By the summer break both Mercedes drivers had suffered six mechanical failures during the season, but Hamilton had endured four competitive session (qualifying and race) failures to Rosberg's three. Crucially, only one of Rosberg's failures caused a retirement (Silverstone) and he never hit trouble in qualifying, allowing him to continue to collect points while bearing his 'share' of the reliability issues.
The Mercedes' works teams qualifying and race reliability has been far more robust in 2015 (Bahrain braking and Hamilton's Malaysia FP1 engine failure the sole issues to date).
Avoid dropping points behind the Ferraris
In 2014 the Mercedes was the clear class of the field, especially during the early part of the season, and losing to Hamilton almost invariably meant finishing second and dropping just 7 points. This year the challenge from Ferrari has seen them on the podium at every race and twice on the front row of the grid; Rosberg finish third behind them in Malaysia and Bahrain, dropping his average finishing position from 1.75 at the opening four races in 2014 to 2.5 at the first four rounds this term.
Rosberg only won one of the opening four races last season, but he was able to finish second in the other three - collecting 13 more points from the same period in the process.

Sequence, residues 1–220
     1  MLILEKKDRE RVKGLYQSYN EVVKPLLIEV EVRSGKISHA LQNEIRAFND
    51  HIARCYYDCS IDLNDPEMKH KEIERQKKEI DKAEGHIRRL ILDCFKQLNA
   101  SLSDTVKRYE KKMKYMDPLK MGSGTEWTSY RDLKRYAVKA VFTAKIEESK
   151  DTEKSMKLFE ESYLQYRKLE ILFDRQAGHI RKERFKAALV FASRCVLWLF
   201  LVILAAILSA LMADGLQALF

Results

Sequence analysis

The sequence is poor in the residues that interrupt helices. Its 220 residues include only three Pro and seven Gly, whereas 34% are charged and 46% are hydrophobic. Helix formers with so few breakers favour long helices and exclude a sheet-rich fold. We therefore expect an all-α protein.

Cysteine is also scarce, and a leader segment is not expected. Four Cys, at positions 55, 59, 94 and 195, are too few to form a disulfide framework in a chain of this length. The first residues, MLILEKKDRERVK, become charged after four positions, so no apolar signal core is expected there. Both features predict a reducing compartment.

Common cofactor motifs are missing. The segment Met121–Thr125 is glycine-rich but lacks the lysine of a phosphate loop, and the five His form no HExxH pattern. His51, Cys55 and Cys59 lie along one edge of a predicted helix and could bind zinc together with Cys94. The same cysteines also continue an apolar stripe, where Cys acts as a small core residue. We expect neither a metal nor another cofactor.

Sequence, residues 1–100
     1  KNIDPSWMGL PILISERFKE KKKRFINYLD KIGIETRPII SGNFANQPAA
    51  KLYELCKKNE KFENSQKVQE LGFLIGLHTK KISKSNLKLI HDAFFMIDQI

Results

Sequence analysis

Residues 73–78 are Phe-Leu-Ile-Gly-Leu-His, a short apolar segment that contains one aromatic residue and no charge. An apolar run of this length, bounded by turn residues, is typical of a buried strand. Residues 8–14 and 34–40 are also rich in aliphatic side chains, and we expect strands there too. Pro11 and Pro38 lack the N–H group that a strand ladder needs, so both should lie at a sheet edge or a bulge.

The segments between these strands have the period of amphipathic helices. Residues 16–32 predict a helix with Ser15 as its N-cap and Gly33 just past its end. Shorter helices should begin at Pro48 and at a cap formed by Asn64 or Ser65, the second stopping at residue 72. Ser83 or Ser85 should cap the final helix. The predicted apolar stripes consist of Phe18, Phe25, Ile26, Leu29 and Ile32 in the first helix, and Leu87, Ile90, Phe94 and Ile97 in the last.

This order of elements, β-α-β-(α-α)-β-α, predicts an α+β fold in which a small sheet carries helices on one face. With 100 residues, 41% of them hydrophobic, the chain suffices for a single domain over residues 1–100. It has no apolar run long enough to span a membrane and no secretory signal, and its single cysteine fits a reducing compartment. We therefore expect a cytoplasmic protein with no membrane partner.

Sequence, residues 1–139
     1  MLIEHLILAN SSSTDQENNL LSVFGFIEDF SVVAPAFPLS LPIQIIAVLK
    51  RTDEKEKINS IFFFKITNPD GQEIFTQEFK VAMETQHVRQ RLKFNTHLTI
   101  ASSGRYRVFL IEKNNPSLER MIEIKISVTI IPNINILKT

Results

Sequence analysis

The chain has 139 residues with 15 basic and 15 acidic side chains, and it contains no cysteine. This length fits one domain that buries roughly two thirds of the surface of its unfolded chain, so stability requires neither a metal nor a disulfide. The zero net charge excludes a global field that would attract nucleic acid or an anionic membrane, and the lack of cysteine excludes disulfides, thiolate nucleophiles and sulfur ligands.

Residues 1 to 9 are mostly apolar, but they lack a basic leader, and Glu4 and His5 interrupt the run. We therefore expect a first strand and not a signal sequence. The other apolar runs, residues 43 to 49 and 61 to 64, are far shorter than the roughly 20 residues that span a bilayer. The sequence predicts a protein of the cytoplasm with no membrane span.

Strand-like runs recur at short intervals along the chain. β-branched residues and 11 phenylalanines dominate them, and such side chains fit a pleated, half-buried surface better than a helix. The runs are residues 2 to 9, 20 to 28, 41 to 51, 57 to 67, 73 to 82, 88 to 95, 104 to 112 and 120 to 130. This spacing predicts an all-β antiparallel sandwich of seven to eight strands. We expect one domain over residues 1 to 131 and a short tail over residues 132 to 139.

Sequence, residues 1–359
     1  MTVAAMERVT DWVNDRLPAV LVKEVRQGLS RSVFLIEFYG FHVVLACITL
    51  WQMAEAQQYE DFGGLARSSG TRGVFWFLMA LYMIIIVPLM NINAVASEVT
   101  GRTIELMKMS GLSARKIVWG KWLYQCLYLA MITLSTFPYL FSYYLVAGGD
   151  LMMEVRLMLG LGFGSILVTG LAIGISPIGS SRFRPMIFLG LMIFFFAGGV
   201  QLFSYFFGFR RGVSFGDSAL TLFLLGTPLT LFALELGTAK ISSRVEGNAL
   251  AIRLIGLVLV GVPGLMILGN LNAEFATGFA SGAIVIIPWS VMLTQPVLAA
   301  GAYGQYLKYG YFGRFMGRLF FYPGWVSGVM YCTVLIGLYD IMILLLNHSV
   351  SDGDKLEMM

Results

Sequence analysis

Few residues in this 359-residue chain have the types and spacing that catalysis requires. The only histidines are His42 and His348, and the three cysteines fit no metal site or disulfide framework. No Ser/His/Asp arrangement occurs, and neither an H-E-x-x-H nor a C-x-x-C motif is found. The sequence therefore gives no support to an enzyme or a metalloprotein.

Rosberg's deficit to his tally at this time last year looks daunting in its own right, but the gap is compounded by Hamilton's 18-point improvement. It will take more than third or fourth places to eat into Hamilton's 27-point lead, so staying ahead of the resurgent Vettel and Raikkonen is crucial for Rosberg's championship chances.
At less than a quarter of the way through the season, it's still far too early to raise the white flag.
The points totals may look very different to this time in 2014, but that was more due to the anomaly of Hamilton's retirement in Melbourne than any particularly stellar performances from Rosberg. Irrespective of the standings, Hamilton was clearly the quicker Mercedes driver through the early-season flyaway rounds in 2014.
In 2013, Hamilton scored 50 points to Rosberg's 12 through the same sequence of races, so Hamilton has comfortably outperformed Rosberg over the opening four races during each of their three seasons as teammates.
On the plus side for Rosberg, his average qualifying position has improved from the same period last year (2.5 up from 2.75), whilst the average qualifying gap (+0.440 down from +0.497) and the average race finish gap (+2.692 down from +12.361) have both diminished in Rosberg's favour.
Indeed, in 2014 it was only from Monaco onwards that Rosberg started to genuinely perform on the same level as Hamilton. Up to that point it had been as though he was keeping the championship lead warm, and it was only once Hamilton wrested it back that Rosbeg's performance improved drastically.
As impressive as Hamilton's opening salvo has been, Rosberg should consider that to date we’ve seen a very small sample size of races where Hamilton has traditionally been strong - and a sequence of circuits at which Rosberg outscored Hamilton on poles, wins and points in 2014 is just around the corner.Additional reporting and data: Will Saunders
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Analysis: Qualifying nerve the key for Rosberg fightback against Hamilton